Thousands of people rallied in Cairo to protest against the exclusion of prominent candidates from Egypt's presidential election and to voice their anger at this week's deadly clashes in Abbasiya Square.
Several thousand Islamists, liberals and left-wing revolutionaries gathered together in the city's central Tahrir Square to demand a free vote in the presidential election, which begins on 23 May, with a run-off scheduled for June.
The liberal and political activist movements include the Coalition of Revolutionary Youth and the April 6th Youth Movement, which played a major role in last year's uprising in Tahrir Square. They were now expected to convene on Abbasiya Square.
"The march to Abbasiya is beginning now. Join it. Your duties at Tahrir are over," an activist cried.
"Down, down with military rule," shouted another.
According to Egypt's state-run Nile TV, at least three stages have been set up in the square.
The latest protest comes amid rising tensions after leading Islamist candidates in the presidential race suspended their campaigns over the authorities handling of an anti-Scaf (Supreme Council for Armed Forces) protest in Cairo, in which 20 people were killed.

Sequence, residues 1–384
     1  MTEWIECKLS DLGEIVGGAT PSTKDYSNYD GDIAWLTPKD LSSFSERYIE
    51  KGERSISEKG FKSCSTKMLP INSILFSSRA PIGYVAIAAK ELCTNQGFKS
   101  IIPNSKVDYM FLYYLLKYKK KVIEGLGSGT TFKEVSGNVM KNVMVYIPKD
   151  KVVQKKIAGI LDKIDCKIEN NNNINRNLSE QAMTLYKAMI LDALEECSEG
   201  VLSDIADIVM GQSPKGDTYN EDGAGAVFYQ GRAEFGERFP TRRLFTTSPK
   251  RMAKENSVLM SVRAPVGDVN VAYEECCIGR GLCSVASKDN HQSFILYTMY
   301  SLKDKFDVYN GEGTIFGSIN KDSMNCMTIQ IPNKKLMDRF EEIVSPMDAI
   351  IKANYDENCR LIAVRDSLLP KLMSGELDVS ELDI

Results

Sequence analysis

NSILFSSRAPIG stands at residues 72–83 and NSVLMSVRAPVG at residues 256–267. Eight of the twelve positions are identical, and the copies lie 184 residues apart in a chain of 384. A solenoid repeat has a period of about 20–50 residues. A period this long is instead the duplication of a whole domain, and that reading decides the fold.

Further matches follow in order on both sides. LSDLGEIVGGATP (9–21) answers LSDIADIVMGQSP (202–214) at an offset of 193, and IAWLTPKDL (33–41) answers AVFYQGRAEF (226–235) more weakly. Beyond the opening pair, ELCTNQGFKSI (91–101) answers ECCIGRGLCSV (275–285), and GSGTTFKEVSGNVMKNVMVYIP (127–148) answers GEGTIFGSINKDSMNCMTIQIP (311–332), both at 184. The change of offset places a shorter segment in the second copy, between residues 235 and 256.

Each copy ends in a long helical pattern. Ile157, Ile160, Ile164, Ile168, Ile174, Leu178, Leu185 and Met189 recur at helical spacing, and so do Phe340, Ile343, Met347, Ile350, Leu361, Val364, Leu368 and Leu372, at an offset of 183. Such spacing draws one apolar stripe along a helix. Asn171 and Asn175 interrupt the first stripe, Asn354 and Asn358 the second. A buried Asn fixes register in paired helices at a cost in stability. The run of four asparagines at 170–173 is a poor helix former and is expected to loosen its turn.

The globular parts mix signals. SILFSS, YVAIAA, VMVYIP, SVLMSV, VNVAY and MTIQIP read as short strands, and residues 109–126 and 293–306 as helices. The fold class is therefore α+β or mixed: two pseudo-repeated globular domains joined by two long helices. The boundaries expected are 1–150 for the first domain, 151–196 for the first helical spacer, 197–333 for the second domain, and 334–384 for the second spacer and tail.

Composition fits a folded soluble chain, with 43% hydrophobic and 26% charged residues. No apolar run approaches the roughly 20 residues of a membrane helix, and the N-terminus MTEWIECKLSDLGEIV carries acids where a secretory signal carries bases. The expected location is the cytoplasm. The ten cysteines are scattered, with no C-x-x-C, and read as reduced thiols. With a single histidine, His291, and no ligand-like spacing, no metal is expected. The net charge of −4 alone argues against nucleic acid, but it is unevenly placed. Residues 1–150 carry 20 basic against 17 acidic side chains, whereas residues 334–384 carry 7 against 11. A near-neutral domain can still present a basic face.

According to activists, "army-sponsored thugs" attacked a camp in Abbasiya Square near the Defence Ministry, where demonstrators were protesting against the disqualification of Salafi leader Hazem Salah Abu-Ismail from May's presidential race.
Protesters said they had seized some of the thugs who attacked their camp overnight with cement-based bombs, stones, Molotov cocktails, birdshot and teargas. They claim to have found army meals on the assailants, which they took as proof of their having a connection to the military.
Ultra-conservative Ismail was excluded from the vote because his mother has US citizenship.
The political wing of the Muslim Brotherhood, the Freedom and Justice Party (FJP), also saw its first choice disqualified. Khairat El-Shater was referred to the country's general prosecutor for insulting the election commission.
Three other candidates were accused of breaking the law by holding meetings on college campuses.
Leading independent candidates Abdel Monein Aboul Fettouh and Amr Moussa, along with Mohamed Mursi, of the Islamist Freedom and Justice Party, and were all cited for violating election campaign laws.
"These infringements by the presidential candidates will be taken very seriously and they will be questioned as soon as possible. They could be fined," Adel Saeed, the general prosecutor's official spokesman, told CNN.